Health

Teen Girl Stops Her School From Teaching Abstinence-Only Sex Ed (Video)

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Emily Dawson, 18, and her mother Kathy filed a human rights complaint about an abstinence-only sex education class taught at McNally High School in Edmonton, Canada, last year.

Dawson claims that the class, taught by the Edmonton Pregnancy Care Centre at McNally, provided false information about contraception and STDs, and pushed abstinence.

"It was based on value-based teachings, instead of scientific fact," Dawson told CBC News (video below). "They basically said that condoms were ineffective and they did not at all talk about the combined methods to protect ourselves during sexual intercourse.

"I immediately texted my mom and told her, 'You wouldn't believe what's going on' because they weren't exactly teaching what should have been required," Dawson added.

Kathy Dawson told the National Post that the abstinence-only class taught the children that gonorrhea would kill them in under three days.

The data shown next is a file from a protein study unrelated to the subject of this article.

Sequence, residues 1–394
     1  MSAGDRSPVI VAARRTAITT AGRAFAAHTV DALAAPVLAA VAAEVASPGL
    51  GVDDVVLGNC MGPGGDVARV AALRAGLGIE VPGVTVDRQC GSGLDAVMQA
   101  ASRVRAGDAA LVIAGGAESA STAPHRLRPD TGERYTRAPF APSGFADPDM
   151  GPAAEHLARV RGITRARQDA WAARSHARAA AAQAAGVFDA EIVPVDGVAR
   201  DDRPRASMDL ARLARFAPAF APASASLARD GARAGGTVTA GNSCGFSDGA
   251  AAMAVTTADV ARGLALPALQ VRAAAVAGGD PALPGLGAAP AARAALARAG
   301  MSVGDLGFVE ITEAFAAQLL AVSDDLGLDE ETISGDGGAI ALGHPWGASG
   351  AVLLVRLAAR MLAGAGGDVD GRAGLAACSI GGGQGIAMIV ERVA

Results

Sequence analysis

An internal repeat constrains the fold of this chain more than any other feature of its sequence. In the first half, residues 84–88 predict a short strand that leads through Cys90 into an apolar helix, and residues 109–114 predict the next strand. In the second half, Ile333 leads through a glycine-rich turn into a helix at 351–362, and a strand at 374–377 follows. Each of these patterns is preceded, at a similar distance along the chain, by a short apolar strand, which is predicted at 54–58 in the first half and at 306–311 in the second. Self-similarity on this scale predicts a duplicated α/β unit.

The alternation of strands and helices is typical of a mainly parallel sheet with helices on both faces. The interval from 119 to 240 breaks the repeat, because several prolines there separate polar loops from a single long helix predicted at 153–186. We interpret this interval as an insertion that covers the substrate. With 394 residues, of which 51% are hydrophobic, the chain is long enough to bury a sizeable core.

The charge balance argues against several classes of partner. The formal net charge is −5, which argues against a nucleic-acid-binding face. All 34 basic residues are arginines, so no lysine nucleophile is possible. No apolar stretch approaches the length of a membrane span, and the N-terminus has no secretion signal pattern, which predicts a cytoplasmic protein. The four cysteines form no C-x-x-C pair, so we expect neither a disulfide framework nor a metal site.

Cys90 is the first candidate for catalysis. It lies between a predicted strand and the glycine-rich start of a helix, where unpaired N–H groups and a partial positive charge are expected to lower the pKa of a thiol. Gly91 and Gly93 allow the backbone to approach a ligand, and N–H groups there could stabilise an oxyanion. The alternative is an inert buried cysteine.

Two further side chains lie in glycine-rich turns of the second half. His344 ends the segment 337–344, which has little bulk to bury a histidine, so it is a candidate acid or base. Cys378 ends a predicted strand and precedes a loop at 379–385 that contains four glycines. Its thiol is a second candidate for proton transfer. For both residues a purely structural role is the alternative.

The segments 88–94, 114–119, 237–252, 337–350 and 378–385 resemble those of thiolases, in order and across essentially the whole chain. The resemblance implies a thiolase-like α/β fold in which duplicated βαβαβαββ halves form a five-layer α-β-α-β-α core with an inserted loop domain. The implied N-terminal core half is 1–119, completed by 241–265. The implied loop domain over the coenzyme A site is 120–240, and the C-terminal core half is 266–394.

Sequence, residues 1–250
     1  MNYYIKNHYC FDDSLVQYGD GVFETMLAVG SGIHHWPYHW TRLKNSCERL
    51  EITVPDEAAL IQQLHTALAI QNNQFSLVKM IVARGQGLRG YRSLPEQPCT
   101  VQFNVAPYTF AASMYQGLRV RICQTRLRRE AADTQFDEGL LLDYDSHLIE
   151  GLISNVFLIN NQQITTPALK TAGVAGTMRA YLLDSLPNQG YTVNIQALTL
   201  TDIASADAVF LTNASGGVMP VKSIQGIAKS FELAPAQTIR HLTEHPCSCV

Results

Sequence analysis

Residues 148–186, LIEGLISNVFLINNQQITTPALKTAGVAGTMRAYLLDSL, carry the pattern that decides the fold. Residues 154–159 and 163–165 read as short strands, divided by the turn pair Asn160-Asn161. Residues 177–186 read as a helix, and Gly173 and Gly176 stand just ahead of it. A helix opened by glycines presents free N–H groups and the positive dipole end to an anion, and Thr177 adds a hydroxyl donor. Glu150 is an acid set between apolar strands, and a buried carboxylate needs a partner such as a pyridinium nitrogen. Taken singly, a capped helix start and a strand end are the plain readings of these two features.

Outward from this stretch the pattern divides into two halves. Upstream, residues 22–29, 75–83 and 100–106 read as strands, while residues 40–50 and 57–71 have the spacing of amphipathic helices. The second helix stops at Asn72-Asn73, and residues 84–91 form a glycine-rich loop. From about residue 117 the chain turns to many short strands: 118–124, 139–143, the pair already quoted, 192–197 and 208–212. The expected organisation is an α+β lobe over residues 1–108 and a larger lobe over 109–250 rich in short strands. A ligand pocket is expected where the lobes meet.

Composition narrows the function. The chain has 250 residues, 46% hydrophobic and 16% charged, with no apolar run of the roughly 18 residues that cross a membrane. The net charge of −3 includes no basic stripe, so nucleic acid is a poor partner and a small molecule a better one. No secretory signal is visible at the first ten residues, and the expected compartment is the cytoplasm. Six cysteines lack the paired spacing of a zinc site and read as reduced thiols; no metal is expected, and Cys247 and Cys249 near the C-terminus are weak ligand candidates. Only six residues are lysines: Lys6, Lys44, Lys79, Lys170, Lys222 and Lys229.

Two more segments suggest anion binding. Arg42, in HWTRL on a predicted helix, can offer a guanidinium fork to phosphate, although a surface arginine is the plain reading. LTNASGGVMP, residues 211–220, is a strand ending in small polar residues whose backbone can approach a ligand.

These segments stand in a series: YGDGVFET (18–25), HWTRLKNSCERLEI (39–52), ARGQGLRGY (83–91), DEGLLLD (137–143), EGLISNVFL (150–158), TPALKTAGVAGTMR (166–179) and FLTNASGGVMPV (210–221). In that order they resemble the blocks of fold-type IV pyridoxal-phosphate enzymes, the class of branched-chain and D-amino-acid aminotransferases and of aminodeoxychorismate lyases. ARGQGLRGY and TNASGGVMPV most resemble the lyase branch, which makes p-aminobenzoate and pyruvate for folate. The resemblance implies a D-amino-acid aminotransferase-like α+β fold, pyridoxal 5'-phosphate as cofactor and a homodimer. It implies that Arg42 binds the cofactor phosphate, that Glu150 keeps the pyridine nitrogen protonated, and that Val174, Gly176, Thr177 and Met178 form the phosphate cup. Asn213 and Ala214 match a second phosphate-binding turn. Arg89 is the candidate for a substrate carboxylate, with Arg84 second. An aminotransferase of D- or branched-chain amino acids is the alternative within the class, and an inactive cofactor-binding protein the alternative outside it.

The Edmonton Public School Board recently announced on its Facebook page:

We are asking our schools in the fall to use different presenters so that we can continue this conversation, and focus on meeting the needs of students and parents.

Kathy says she is going to keep pushing her human rights complaint with the Alberta Human Rights Commission. Although the school board decided to drop the abstinence-only teaching, Kathy still wants the school put its policy change in writing.

The Edmonton Pregnancy Care Centre is affiliated with Care Net, a Christian group in the U.S. that opposes abortion and supports abstinence.

The Washington Post reported in 2006 that Care Net is an "an umbrella group for evangelical pregnancy centers across the country, instructs its affiliates to tell callers there is a possibility that abortion can lead to greater risk of breast cancer, according to Molly Ford, an official with the organization."

The Florida Independent noted in 2010 that pro-life Crisis Pregnancy Centers were distributing brochures, provided by Care Net, that suggested abortion caused depression, addiction and suicide.

However, the Edmonton Pregnancy Care Centre blew off the criticism as just the opinion of one mom.

“I think that it's fear-based," Norah Kennedy, executive director of the Edmonton Pregnancy Care Centre, told CBC News. "I think that an individual who decides she's going to just go after something can cause fear to happen.”

However, Kennedy made no mention of the unscientific, fear-based claims made by Care Net.

Sources: CBC News, The Florida Independent, The Washington Post, Facebook, National Post

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